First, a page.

All of these transactions represent secured loans – agreements in which the lender’s risk is limited by collateral and in which, typically, the interest rate (which reflects the riskiness of the agreement) will be lower.

The converse, unsecured loans, are backed by no such collateral.  Student loans, credit card debt, and (most) personal loans are all examples of such loans.

In these arrangements, the only collateral a lender has is that of the borrower’s reputation (as represented by his/her credit score).  If the borrower defaults on payments, there is no house on which to foreclose, no car to repossess, and no family heirloom to auction off to the highest bidder.  As such, issuers of personal loans tend to charge higher interest rates and are more selective about the criteria one must meet to receive a loan.

 

At Doc2Doc, many of our borrowers ask how it is possible that student loans (which are technically unsecured loans), can be had at such bargain rates.  Indeed, in the current environment of historically low interest rates, just about any borrower can borrow federal funds as a student at 4.53%.

Further, it is very common for graduating students to refinance their student loans with private companies at rates as low as 1.9 – 2.3%.  Since we know that these loans technically fall into the unsecured category, how is that possible?  There are three reasons:

 

  • 1. Specific to federal loans, all borrowers are granted the same interest rate (currently 4.53%). This rate is determined primarily by current economic factors and not by a borrower’s credit history.  For those borrowers with a less-than-stellar credit profile, this typically results in a substantial discount relative to the rates one would see for a personal loan.

 

  • 2. Federal loans are funded by the federal government and have no statute of limitations. By contrast, other consumer debt like credit cards and personal loans typically have a statute of limitations of 3-10 years.  The government offers a variety of graduated, extend, or income based repayment structures. Using these mechanisms, the Federal Government increases the likelihood that a borrower can and will repay.  With a literal lifetime to make that happen (no statute of limitations), and unlimited collections powers such as garnishing tax refunds and social security payments, the likelihood of eventual repayment is much higher than would be expected with a personal loan of the same size to the same borrower.

 

  • 3. For both federal and private student loans, the treatment of nonpayment is quite different than with a standard personal loan. Nonpayment of a typical unsecured debt ultimately triggers a collections process; eventually, continued nonpayment may result in a lawsuit in which a judge may grant a lender remedy through a garnishment of the borrower’s wages.  If a borrower declares bankruptcy, the lender’s claim on repayment is rendered moot, ultimately resulting in a loss.  Both federal and private student loans, however, are treated differently, as they are protected by the Bankruptcy Abuse Prevention and Consumer Protection Act of 2005.  Therein, the requirements set forth for discharge of student loan debt through the bankruptcy process are incredibly rigorous.  A borrower must prove undue hardship and must also demonstrate that he/she has made a good faith effort to repay.  Basically, it’s very difficult to get around paying a student loan, even through bankruptcy.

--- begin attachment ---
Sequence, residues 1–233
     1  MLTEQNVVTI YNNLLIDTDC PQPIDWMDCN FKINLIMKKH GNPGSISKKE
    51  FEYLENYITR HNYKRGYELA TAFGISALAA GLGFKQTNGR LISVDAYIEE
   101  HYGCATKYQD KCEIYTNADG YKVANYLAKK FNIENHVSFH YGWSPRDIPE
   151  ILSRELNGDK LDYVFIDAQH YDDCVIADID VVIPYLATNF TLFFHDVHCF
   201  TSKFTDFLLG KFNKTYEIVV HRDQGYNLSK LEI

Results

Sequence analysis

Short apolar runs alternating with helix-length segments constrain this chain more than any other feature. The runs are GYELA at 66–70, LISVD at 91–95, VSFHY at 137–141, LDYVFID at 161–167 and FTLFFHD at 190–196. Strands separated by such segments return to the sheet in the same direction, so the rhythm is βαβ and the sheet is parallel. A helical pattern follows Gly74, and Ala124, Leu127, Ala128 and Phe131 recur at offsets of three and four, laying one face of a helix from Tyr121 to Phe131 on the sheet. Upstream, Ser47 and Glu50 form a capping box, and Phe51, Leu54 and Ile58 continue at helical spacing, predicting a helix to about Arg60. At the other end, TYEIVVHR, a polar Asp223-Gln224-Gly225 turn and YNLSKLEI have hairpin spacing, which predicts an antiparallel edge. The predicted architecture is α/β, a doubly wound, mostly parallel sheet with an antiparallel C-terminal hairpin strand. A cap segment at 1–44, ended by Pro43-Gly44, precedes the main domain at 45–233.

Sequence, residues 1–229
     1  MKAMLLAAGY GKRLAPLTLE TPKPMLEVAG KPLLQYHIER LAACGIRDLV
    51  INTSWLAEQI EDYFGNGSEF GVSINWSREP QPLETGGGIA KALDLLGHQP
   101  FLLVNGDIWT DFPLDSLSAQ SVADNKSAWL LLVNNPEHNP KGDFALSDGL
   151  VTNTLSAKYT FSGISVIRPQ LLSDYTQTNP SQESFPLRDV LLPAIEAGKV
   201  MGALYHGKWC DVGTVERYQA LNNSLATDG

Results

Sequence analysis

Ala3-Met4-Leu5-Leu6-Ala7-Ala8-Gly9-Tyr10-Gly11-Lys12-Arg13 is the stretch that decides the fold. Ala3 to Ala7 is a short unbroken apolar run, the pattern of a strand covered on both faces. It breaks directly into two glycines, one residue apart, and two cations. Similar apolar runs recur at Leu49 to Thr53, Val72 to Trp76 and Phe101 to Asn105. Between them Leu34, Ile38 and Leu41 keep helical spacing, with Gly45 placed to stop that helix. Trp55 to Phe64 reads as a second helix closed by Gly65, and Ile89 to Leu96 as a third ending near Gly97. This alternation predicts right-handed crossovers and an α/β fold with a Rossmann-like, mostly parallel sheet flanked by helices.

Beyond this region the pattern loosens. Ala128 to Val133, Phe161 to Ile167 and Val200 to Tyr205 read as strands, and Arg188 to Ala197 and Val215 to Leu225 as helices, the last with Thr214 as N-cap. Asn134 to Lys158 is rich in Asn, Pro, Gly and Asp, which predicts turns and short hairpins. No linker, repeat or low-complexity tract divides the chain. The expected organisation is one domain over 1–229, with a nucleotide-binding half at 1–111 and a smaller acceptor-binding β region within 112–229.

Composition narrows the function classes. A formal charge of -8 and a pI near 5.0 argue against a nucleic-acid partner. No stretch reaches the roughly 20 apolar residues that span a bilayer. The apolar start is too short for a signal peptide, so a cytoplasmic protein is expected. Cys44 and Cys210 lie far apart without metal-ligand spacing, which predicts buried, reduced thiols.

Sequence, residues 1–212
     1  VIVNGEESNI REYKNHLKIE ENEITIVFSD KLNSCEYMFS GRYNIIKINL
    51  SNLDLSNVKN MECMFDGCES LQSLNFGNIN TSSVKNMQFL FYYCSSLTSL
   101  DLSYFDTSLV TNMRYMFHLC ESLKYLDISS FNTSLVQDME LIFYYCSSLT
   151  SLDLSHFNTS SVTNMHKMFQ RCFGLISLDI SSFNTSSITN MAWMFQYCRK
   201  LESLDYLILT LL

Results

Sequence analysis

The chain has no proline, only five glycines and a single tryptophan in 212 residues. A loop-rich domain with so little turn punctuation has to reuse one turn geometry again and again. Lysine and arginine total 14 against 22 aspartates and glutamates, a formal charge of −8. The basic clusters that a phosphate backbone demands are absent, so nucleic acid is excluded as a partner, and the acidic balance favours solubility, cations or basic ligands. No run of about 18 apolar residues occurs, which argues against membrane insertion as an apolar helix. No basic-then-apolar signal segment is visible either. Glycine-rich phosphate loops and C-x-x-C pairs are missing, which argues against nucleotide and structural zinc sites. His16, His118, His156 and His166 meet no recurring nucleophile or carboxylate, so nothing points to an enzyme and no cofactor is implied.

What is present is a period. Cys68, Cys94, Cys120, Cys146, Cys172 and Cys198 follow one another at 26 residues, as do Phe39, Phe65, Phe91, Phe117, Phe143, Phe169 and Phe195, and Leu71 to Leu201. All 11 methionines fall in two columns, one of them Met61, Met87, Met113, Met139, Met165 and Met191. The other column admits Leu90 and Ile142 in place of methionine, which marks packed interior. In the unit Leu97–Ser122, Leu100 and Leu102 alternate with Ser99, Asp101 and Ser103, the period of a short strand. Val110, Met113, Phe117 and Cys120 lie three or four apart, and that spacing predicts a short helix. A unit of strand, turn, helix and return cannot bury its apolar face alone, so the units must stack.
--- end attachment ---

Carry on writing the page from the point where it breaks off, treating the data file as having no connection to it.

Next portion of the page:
Installment vs. Revolving:

Stated very simply, a revolving loan is one that has a credit limit that can be spent, repaid, and then spent again ad infinitum.  Credit cards and a home equity line-of-credit (HELOC) are the most common examples – you can buy something using this credit, pay off the bill and then buy something else using the same line of credit.

An installment loan is one that the borrower repays in equal installments until the loan is paid off at the end of its term.

 

Both installment and revolving debt can be either secured or unsecured.

 

Installment Revolving
Secured Mortgage HELOC
Unsecured Personal loan Credit card

 

 

Evaluating a Debt Agreement

 

If and when a loan becomes a necessary tool in the management of one’s personal finances, the vocabulary can quickly become confusing.  If you’ve ever sat down to read the 3-page, 6pt Helvetica-font document that comes with any new mortgage or loan agreement, this will certainly ring true.  Below, a quick refresher on the key points that need to be understood before signing.

 

Term:

This is, perhaps, the only truly intuitive term in the lot.  The term is simply the period of time over which one agrees to repay in full the principal and interest on a loan.

 

Interest Rate vs. Annual Percentage Rate (APR):

Have you ever noticed that financial institutions never just give you an interest rate?  Almost always, you will see an interest rate followed by a parenthetical (and typically slightly higher) number known as the annual percentage rate.

The APR refers to the annual rate of interest charged to borrowers, and is expressed as a percentage that represents the actual yearly cost of funds over the term of a loan, inclusive of any fees or additional costs associated with the transaction.[2]  Said more simply, the APR might be thought of as the effective interest rate if one were to borrow money from a given lender and pay it back over the agreed upon term with on-time, every-time payments.